*This article is produced in partnership with Allan Gray

With the recent rise in popularity of managed accounts, you may be forgiven for thinking that the traditional diversified managed fund has been relegated to the back of your wardrobe, with your Walkman, Reebok Pumps and your Myspace log in.

We, however, believe the role of these funds is more pressing than ever before. We see a new role for diversified managed funds in almost any multi-asset portfolio and when held alongside or within a managed account, the result is potentially better client outcomes.

The rise and rise of the managed account

Managed accounts have seen phenomenal growth within Australia and have come to dominate the multi-asset industry. Separately managed accounts (SMAs) saw a 34 per cent increase in funds under management (FUM) in the FY23 financial year, growing from $70.6 billion to $94.9 billion. It’s easy to see why.

Much of this FUM growth is attributable to the increased regulatory burden placed on Australian financial advisers, and a resulting need to run advice practices more efficiently. Effectively, managed accounts allow an adviser to partially, or completely, outsource investment management decisions to an external party. Complete outsourcing occurs when advisers recommend ‘off the shelf’ managed accounts run by external investment consultants to their client base. There are approximately 1100 such products on offer already, with two thirds being diversified solutions. The other route some practices have taken has been to work with a consultant to build and implement their own products, then launch customised managed accounts for their own client base.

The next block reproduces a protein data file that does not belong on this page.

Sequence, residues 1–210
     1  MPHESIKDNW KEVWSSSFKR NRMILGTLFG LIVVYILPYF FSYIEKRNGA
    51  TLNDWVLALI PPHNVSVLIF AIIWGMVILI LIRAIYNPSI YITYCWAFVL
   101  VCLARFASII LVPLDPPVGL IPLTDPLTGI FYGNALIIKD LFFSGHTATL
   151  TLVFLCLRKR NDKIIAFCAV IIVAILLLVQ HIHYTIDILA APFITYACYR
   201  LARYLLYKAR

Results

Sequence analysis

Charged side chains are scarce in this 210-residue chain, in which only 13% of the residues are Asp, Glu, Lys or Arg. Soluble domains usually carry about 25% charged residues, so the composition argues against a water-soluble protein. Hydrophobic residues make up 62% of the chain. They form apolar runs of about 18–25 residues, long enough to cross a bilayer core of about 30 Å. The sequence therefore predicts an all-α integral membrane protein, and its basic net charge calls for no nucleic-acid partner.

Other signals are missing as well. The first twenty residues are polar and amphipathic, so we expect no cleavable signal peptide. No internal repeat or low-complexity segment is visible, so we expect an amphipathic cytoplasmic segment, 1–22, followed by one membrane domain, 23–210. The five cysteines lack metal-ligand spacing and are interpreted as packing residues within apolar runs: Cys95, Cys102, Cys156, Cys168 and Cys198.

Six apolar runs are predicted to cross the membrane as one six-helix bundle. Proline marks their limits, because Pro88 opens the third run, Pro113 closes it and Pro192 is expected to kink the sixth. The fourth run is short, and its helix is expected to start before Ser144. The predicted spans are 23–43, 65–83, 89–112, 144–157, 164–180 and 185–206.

Crucially, changes to such investment portfolios after implementation do not require a record of advice to be completed with individual clients, which is why the top-ranking benefit cited by advisers that have adopted managed accounts has been the freeing up of their time.

It has been interesting to see managed accounts gain such traction, when an existing solution, the diversified managed fund, arguably solved the same set of issues facing the industry. Using an active, diversified fund for clients transferred responsibility to a professional funds management business, and subsequent changes to the portfolio by the manager needed no client consultation and documentation.

One problem these funds faced, however, was that employing a single entity to build an actively managed, diversified portfolio on behalf of clients was seen as too risky, or as giving too much responsibility to one external party. It didn’t matter how well-resourced and experienced, or how strong the manager’s track record was. That viewpoint seems to have changed with the advent of the managed account, with some advisers entrusting all their client capital to the decision-making process of one investment consultant and/or one investment strategy. This is a seismic shift in adviser mentality and cannot be understated.